Ms B Maluleke (ANC) commended the SoCR, and said that both the rural and urban areas should be developed in equal measure.

Ms Geci Karuri-Sebina, Executive Manager: Programmes, SACN, agreed that the SoCR did not do enough to deal with informal settlements. Informal settlements were not the type of development that the SACN promoted, but it was the type of development that South Africa had to cope with nonetheless. Dealing with informal settlements was a serious issue, as pushing people out toward the outskirts increased the fragmentation of cities, but upgrading them to official settlements created another set of problems. The SoCR did not put forward any specific recommendations, but it does take note that this was a problem that local governments had to face.

On the issue of infrastructure, Ms Kahruri-Sebina said that in the municipalities alone, the infrastructure gap was between R400-600 billion, regardless of how much was done to save or maximise the collection of revenue, according to the National Treasury. Cities had survived in a situation where they did not have enough revenue to provide all of the necessary services, by cutting corners on the maintenance of infrastructure. Now the issue was two-fold, as the current infrastructure needed to be maintained, but the demand for more infrastructure had also increased.

She argued that cities could not survive on their own, and needed to work with national government and institutions to solve their problems. She appreciated the MPs’ point about culture, and how academics, in city planning and public policy, did not understand how people work and did not take into account how cities should be designed to account for the many different cultures in South Africa.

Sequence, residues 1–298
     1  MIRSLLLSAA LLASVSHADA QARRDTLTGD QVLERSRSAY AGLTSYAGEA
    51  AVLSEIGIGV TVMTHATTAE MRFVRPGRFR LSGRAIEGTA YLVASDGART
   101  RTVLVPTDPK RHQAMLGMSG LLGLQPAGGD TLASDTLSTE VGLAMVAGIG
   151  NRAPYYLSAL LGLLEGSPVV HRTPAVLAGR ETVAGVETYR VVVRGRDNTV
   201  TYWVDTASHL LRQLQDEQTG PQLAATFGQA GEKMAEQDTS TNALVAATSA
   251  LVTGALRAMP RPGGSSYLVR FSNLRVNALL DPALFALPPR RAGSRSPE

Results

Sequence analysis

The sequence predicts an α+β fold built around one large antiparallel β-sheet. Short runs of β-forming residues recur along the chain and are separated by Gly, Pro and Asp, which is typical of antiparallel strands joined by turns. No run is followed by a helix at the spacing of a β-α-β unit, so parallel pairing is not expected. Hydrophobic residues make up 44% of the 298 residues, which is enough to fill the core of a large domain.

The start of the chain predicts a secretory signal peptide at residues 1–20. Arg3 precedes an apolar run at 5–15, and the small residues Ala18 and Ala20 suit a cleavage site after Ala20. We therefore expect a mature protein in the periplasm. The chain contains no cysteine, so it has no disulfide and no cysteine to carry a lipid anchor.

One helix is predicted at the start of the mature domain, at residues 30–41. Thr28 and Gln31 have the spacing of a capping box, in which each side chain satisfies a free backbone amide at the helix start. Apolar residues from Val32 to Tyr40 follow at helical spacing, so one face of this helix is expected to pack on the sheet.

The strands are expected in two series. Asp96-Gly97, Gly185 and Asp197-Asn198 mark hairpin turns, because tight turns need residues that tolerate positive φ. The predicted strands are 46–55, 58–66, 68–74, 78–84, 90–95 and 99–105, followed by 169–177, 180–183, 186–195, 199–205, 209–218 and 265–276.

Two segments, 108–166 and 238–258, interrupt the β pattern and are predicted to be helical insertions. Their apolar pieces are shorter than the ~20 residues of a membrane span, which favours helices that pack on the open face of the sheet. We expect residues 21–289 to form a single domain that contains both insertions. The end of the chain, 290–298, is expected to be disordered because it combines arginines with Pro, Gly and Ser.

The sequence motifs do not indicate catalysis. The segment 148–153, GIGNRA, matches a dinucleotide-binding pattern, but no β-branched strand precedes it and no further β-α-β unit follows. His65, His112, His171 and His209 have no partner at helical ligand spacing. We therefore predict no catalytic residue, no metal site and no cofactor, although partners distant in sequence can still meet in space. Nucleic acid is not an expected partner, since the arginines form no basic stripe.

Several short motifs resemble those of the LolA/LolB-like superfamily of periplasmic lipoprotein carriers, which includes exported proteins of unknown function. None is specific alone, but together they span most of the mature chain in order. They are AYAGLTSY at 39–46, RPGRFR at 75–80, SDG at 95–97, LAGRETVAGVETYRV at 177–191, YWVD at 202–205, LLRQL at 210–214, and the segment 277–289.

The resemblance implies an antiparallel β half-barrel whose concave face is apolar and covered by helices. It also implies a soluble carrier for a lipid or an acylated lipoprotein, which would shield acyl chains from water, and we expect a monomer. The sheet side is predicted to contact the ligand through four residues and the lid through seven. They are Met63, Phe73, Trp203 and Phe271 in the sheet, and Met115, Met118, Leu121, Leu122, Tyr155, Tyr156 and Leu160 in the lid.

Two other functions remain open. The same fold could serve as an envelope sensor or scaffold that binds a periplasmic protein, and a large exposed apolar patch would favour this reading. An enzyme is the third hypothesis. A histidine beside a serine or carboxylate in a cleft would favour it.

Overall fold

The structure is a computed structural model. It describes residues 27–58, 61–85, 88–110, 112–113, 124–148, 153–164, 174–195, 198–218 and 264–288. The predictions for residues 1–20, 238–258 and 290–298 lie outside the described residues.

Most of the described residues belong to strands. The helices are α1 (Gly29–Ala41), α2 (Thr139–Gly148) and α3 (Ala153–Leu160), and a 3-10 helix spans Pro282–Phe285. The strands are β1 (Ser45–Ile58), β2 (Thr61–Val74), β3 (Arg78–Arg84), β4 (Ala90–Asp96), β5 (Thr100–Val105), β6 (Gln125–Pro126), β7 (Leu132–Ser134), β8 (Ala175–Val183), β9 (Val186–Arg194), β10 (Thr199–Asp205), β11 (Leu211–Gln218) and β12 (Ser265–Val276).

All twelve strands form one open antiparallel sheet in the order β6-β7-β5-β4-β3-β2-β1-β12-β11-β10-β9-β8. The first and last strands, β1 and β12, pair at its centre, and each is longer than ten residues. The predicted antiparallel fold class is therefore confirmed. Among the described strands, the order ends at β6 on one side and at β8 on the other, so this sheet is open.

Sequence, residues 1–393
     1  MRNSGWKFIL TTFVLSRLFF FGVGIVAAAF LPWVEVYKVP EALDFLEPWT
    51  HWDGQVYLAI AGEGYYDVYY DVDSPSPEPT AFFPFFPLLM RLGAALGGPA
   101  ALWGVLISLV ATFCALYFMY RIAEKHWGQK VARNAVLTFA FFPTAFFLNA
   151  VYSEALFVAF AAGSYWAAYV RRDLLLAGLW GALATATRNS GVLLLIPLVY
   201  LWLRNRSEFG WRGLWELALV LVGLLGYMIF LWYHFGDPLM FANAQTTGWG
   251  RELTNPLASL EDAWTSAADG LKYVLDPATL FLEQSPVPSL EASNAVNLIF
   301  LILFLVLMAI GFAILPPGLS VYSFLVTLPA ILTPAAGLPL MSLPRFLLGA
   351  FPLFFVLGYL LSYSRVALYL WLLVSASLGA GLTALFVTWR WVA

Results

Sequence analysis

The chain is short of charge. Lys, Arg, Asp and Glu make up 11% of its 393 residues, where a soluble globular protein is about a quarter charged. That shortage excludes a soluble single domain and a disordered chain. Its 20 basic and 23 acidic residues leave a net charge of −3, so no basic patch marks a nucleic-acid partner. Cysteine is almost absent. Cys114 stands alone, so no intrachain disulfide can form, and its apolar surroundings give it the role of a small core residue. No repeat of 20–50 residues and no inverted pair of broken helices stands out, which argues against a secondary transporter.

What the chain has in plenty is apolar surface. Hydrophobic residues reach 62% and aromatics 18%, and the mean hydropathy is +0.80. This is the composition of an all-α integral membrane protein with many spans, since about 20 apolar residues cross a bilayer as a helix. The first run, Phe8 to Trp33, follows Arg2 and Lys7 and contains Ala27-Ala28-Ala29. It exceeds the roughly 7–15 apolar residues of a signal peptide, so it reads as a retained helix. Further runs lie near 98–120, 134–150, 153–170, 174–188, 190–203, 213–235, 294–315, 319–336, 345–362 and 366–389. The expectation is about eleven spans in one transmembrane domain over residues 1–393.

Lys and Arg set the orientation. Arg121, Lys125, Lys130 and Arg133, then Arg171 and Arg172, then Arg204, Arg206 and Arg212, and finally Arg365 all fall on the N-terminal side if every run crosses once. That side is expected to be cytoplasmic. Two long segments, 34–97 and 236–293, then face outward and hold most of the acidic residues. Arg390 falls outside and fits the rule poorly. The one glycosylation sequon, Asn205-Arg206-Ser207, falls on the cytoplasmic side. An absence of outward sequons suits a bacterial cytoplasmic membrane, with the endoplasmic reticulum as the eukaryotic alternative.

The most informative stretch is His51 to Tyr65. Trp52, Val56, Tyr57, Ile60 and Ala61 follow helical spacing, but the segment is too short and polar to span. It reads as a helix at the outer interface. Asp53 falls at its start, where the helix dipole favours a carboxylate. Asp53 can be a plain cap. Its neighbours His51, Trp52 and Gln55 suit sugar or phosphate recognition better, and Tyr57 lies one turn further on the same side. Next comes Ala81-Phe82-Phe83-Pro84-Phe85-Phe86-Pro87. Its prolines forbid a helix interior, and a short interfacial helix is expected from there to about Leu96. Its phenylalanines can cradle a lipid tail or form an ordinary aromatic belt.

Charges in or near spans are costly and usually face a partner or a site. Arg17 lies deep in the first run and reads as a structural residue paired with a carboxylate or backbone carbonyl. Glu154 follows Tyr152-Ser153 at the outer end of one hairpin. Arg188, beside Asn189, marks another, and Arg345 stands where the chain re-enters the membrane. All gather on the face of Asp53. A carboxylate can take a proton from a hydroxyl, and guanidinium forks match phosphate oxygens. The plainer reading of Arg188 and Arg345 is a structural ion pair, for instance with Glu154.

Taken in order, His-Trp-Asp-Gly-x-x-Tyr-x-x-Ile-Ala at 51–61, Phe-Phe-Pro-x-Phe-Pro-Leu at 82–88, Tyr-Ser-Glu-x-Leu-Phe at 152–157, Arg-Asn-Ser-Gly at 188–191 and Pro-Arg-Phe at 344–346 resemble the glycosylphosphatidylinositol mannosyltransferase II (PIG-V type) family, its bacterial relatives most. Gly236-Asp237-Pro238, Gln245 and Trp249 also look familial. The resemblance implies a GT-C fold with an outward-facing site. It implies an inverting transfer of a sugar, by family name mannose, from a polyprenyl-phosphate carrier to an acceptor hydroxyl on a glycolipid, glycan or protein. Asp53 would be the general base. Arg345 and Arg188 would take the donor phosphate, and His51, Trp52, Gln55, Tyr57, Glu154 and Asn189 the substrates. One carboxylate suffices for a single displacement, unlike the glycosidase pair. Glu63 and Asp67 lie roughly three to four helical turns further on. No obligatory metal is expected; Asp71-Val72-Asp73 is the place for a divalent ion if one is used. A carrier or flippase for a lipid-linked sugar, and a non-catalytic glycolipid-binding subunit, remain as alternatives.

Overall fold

Mr Mbanga commented that because of the history of apartheid, there was a lack of creativity when it came to these municipalities’ integrated development plans. This led to uncharacteristic similarities between cities that were very different.

Mr Mbanga thanked the Chairperson, and agreed that a workshop was needed so that MPs knew how to interact with these issues, and knew what suggestions to put forward to the municipalities when they worked with local government. A workshop between the SACN and members of the different committees, where creative solutions were encouraged, was needed.

The Chairperson thanked the delegation, and acknowledged that the Committee had not been engaging with the SoCR or with cities on a regular enough basis. He concluded that it was a waste of money for Committees to visit different municipalities without a plan, and without an idea of what measures could be put in place to make a difference.

The meeting was adjourned.